Giving a Glimpse Into Future for PU Men’s Hoops, Bell, Cannady Had Season in Their Hands in NCAAs
A NEAR MISS: Princeton University men’s basketball player Amir Bell dribbles the ball in recent action. Last Thursday, junior guard Bell contributed seven points and seven rebounds as the 12th-seeded Tigers fell 60-58 to fifth-seeded Notre Dame in the first round of the NCAA tournament at the KeyBank Center in Buffalo, N.Y. The defeat left Princeton with final record of 23-7. (Photo by Frank Wojciechowski)
The season for the Princeton University men’s basketball team ended up in the hands of Amir Bell and Devin Cannady.
With fifth-seeded Notre Dame clinging to a 59-58 lead over 12th-seeded Princeton in the waning seconds of an opening round contest in the NCAA tournament last Thursday, the Tigers got a rebound from Spencer Weisz and a chance at a game-winning bucket.
With the crowd of 17,806 at the KeyCenter in Buffalo N.Y. in an uproar, junior guard Bell rushed the ball up the court and passed to sophomore Cannady, who lofted a three-pointer that rattled out and the Tigers ended up losing 60-58 as the Fighting Irish added a free throw with a second left to provide the final margin.
“Both men went with me and Devin had a good shot,” said Bell, recalling the final Princeton possession.
“With Devin shooting the ball, you always think it is going to go in. There is no one else you would rather have taking that shot. It was unfortunate to have it not go in. It was a great shot and I would take it any day.”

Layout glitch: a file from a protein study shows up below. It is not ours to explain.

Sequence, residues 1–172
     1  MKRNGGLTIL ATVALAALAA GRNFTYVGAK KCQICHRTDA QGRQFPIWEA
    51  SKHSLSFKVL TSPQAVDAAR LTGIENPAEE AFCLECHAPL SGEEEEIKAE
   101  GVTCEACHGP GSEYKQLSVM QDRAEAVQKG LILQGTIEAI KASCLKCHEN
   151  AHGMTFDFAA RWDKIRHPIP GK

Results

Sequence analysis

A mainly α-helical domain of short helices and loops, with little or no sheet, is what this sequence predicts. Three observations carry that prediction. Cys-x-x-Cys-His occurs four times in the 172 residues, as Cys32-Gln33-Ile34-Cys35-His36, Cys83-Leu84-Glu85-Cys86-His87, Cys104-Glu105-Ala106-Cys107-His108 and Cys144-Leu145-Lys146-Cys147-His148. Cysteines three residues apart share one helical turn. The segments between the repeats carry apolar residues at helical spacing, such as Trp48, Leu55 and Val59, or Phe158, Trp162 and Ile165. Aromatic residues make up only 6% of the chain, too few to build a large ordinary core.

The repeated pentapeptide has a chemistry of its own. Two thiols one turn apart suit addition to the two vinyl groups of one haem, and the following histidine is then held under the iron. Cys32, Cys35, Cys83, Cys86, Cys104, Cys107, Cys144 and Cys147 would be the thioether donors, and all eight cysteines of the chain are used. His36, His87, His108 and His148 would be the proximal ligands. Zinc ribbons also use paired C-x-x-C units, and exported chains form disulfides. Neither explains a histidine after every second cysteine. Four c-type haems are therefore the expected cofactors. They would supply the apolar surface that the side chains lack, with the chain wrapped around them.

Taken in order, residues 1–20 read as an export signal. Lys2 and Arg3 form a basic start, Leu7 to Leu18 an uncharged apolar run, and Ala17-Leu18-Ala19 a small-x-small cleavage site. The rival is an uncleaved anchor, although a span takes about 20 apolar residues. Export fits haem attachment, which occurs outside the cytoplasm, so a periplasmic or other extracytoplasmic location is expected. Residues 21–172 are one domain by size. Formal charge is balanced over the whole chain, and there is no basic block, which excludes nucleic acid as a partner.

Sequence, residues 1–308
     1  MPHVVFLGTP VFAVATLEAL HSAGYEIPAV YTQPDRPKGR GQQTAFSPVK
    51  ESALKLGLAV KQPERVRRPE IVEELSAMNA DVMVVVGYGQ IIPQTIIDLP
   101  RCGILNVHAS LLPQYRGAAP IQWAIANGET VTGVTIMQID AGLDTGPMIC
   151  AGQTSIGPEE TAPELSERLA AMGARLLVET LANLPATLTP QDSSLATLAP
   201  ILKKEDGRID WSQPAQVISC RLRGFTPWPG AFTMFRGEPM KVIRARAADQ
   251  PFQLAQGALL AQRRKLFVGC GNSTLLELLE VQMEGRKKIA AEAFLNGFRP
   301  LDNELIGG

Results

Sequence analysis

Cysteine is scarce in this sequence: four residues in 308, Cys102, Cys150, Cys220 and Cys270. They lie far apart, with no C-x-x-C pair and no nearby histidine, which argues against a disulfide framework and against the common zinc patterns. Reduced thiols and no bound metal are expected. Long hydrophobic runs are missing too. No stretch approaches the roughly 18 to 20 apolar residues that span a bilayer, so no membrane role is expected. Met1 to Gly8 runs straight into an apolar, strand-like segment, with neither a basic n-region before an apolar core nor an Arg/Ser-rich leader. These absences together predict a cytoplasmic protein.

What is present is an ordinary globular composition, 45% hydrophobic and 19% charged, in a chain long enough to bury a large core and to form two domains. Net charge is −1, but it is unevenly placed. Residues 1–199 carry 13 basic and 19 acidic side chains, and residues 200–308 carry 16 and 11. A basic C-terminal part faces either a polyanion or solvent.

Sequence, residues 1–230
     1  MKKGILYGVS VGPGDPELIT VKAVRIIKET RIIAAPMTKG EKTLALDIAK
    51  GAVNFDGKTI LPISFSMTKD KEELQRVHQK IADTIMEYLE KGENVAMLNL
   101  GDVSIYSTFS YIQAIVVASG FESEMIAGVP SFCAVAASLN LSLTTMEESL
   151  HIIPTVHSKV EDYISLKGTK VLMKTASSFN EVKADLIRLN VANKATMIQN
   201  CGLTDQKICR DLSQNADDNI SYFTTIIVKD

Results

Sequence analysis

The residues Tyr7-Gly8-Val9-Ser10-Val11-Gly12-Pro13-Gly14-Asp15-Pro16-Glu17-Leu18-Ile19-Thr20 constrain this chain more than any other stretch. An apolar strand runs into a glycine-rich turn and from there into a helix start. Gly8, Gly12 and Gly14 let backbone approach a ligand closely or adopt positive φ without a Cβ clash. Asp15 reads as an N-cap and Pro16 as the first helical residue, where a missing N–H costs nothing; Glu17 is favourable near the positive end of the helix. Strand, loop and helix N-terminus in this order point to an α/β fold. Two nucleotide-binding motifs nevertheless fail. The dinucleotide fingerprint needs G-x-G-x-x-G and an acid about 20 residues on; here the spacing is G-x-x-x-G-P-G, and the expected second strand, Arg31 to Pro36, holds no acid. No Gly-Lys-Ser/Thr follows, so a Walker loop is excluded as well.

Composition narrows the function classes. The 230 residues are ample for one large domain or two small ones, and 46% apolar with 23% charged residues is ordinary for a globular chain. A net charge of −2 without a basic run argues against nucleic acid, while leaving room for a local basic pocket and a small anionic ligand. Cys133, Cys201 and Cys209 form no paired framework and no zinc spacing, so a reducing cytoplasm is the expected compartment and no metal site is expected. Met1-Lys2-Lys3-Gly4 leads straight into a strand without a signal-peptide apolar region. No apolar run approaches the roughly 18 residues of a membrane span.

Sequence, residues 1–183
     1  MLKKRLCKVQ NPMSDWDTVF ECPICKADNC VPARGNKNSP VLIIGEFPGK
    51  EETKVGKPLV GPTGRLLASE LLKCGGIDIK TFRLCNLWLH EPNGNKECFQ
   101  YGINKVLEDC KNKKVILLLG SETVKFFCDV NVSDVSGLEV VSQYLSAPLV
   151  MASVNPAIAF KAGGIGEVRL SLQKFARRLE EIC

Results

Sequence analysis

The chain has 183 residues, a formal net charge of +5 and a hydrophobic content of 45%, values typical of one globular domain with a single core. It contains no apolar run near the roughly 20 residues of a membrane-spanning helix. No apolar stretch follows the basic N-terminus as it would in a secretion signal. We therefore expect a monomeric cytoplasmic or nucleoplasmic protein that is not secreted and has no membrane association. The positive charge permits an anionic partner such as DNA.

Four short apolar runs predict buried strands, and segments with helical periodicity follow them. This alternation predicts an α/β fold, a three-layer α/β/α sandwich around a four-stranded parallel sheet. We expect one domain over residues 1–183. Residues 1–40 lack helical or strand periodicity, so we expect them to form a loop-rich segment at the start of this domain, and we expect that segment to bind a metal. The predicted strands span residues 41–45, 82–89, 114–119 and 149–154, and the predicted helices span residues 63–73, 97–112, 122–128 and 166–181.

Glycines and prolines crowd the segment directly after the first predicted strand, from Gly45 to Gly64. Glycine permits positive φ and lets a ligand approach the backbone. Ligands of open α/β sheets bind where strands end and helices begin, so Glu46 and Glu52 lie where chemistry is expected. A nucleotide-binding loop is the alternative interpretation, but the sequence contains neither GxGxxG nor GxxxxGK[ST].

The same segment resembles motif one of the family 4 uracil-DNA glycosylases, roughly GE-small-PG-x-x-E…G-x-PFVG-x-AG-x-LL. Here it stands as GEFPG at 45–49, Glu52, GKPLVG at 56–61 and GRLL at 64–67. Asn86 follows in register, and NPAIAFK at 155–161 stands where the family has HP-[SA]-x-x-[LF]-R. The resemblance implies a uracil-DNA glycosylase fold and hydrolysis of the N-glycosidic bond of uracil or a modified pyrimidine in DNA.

Cannady, for his part, was confident that the ball was going in when it left his hands.
“I got my feet set, the ball came to me in my shot pocket, I looked at the rim and when the ball left my hand I thought that was good,” said Cannady, who grew up just miles from the Notre Dame campus in Mishawaka, Ind.
“It didn’t go in and that is what happens when you take those shots, either it goes in or it doesn’t. In this case, it didn’t.”
Bell knew the Tigers weren’t about to go away in the clash with the Fighting Irish even though they trailed 45-34 with 13:22 left in the second half.
“We showed so much fight and grit,” said Bell. “We have been in so many different situations. We have confidence that we can come back and win any game. We just know to stay locked in and stay focused.”
The team drew confidence all season from its stellar group of seniors which included Khyan Rayner, Alexander Lee, Hans Brase, Peter Miller, and Steven Cook in addition to Weisz.
“They mean so much; I love those guys so much, all six of them,” said Bell.
“They just established a culture around here. They have just been so important to us as a team and we are going to miss them so much.”
In the view of Weisz, the future of the Princeton program and the Ivy League are in good hands.
“We feel we can compete with anyone; it is a testament to our league, a testament to our players and I am looking forward to the growth in our league and hopefully it’s recognition,” said Weisz.
“I think the Ivy League tournament certainly helps get us a national stage right before the Selection Show. There is a bright future ahead I think for the Ivy League in general.”
Reflecting on the valiant effort against Notre Dame, Bell is excited about what the future holds for the Tigers, who ended the season with a 23-7 record.
“It was a big time experience,” said Bell. “We fit in there as everyone could see, we belong. Every day since the beginning of the year, coach (Mitch Henderson) has been talking about preparing to beat the best teams in the country. I think we can play with anybody. We couldn’t come out on top today but next year we are going to be back.”